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Savage Island Part 1 (1984) (Dragon 32)


Available For:
Acorn Electron, BBC Model B, BBC/Electron, Dragon 32 & Spectrum 48K/128K



Publisher: Adventure International
Author(s): Scott Adams
On-Screen Language: English
Genre: Text Adventure
Items: Savage Island Part 1 (Adventure International, Cassette)

Screenshots (4)

Introduction

A small island in a remote ocean holds an awesome secret - will you be able to discover it? This is the beginning of a two-part Adventure; the second half concluding as Savage Island Part 2, Adventure 11.

Note: This one's a toughie - for experienced adventurers only!

Difficulty Level: Advanced.

How An Adventure Works

If you've never played an Adventure before, you're in for a real treat. Adventuring permits the player to move at will from location to location within the game "environment" and to examine objects for clues that will reach the objective of the game. For example, an adventure might begin something like this:

I'M IN A ROOM. VISIBLE OBJECTS ARE A RUBY-ENCRUSTED BOX AND A CLOSED DOOR. TELL ME WHAT TO DO.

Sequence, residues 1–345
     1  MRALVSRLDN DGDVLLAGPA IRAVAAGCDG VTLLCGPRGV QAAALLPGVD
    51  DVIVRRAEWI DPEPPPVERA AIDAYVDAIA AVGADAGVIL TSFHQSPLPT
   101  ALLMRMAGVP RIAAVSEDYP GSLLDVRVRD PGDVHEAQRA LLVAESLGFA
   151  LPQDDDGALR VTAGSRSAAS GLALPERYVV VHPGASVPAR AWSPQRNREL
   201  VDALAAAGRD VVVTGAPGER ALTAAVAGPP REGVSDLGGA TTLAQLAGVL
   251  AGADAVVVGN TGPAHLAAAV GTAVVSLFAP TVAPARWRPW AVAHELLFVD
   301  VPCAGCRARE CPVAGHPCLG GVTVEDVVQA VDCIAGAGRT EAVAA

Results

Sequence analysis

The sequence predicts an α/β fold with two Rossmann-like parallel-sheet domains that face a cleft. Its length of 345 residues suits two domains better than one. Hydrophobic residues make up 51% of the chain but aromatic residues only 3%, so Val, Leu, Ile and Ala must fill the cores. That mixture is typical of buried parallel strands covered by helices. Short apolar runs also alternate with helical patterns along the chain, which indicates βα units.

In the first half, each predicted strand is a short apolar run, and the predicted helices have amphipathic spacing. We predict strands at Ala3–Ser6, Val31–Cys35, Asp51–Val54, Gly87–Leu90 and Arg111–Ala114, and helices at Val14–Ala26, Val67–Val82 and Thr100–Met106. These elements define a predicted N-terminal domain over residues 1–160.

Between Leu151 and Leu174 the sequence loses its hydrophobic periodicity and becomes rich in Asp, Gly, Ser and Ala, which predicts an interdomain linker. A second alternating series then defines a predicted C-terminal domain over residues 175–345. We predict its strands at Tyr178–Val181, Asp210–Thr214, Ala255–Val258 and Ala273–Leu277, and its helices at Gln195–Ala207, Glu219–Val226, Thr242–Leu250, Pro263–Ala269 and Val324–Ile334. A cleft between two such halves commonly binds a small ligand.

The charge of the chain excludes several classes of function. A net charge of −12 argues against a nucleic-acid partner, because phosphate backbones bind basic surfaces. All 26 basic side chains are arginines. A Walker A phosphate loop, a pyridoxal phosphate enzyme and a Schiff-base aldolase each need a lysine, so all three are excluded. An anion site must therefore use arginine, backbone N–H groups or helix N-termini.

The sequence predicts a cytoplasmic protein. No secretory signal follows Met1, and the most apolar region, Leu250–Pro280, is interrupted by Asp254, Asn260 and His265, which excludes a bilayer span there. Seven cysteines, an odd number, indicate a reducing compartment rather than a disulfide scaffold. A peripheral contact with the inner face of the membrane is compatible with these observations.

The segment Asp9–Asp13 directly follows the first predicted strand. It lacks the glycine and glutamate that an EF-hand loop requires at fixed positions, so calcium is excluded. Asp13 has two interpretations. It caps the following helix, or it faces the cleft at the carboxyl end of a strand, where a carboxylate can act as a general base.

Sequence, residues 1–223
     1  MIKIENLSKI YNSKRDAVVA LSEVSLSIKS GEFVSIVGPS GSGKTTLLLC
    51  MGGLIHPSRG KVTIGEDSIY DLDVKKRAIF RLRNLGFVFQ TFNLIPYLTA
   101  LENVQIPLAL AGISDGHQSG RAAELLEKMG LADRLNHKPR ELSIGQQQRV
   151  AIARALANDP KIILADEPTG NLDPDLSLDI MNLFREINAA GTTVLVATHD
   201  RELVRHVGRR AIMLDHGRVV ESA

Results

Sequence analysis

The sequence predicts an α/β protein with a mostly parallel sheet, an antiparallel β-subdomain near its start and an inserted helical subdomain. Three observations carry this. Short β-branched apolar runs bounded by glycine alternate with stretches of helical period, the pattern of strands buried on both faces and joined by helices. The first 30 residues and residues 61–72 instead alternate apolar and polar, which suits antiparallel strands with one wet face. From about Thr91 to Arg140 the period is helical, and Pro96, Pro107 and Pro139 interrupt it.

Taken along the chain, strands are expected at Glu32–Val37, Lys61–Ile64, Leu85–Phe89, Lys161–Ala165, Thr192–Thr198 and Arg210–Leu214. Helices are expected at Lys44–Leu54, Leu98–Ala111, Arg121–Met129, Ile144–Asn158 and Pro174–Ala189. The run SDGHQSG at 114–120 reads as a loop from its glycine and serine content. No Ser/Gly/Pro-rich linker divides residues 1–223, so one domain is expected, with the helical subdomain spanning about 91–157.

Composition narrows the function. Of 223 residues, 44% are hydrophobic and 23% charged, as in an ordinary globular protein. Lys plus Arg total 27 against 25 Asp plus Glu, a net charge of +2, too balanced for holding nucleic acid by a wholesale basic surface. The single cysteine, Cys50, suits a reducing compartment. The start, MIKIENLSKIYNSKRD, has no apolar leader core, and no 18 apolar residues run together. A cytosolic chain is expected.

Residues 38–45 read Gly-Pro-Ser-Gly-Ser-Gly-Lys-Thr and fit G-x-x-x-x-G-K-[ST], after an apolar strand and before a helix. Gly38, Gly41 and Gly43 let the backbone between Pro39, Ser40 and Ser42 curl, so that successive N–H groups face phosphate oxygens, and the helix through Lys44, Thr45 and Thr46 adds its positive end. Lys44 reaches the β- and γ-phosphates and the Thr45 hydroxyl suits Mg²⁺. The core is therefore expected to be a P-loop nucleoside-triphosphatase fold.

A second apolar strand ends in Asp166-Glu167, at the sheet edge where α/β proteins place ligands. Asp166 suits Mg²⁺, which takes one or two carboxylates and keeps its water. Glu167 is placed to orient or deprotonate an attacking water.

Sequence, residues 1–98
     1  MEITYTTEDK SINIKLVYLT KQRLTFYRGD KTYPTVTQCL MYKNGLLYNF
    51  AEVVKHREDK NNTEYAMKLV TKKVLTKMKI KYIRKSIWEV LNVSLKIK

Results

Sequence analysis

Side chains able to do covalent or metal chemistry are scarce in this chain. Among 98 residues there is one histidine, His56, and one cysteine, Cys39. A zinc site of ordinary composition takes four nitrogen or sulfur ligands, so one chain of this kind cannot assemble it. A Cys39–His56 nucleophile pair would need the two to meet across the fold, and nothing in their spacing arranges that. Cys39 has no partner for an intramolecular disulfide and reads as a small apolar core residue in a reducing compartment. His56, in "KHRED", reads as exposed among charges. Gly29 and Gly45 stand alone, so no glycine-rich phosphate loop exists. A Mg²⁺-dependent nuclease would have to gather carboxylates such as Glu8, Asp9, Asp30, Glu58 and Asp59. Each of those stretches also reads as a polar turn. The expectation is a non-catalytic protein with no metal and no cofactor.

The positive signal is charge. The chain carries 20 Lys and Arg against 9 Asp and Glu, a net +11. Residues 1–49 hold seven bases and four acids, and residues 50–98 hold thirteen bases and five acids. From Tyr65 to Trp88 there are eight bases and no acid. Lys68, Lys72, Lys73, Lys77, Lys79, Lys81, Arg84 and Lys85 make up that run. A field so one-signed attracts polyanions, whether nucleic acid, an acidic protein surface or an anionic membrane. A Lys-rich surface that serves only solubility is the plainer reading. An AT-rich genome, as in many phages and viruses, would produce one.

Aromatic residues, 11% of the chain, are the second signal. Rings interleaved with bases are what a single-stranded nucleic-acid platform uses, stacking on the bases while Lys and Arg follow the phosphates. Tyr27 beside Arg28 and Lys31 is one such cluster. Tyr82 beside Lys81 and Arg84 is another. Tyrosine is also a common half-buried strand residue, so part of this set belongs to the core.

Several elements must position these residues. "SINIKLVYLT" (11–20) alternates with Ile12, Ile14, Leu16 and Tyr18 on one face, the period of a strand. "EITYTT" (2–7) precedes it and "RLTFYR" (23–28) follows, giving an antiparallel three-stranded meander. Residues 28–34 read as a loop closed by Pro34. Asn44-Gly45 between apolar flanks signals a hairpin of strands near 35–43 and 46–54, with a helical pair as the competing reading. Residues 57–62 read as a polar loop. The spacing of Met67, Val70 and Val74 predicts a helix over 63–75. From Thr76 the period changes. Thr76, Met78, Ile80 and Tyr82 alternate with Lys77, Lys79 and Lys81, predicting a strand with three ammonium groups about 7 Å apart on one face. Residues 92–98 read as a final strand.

You might want to begin by entering a direction (North, South, East, West) to see if you can leave the room. Chances are, though, that you will have to find a way to get through the closed door. Let's try something basic. You type:

OPEN DOOR

but the computer tells you in no uncertain terms:

SORRY, IT'S LOCKED. WHAT SHALL I DO?

Try instead:

GET BOX

and the computer responds with:

OK

By saying "OK", the computer has let you know that the command has been accepted and the box "picked up". Now that you're "holding" the box, let's see if we can peek inside. You type:

OPEN BOX

This time the computer understands and you are rewarded with the following response:

OK. INSIDE THERE IS A KEY AND A RARE POSTAGE STAMP.

Since we still want to exit the room, trying the key to unlock the door might be a good idea. The postage stamp might come in handy so you type:

GET KEY AND STAMP

But the computer responds:

SORRY, I CAN'T DO THAT...YET!

Ah yes - asking the computer to get both the key and the stamp is most definitely a compound command, something that your computer cannot understand. Try again, this time asking for the objects separately. You type:

GET KEY

and then:

GET STAMP

The computer will answer "OK" each time and you will have what you need.

By "getting" the key and the stamp, they are stored for later use as you are, in effect, carrying them. As for your next series of moves, you might want to go to the door (GO DOOR), try the key in the lock (UNLOCK DOOR), and move down the hallway that's just outside. (GO HALLWAY).

You're on your way!

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CLOADM (ENTER)
RUN (ENTER)

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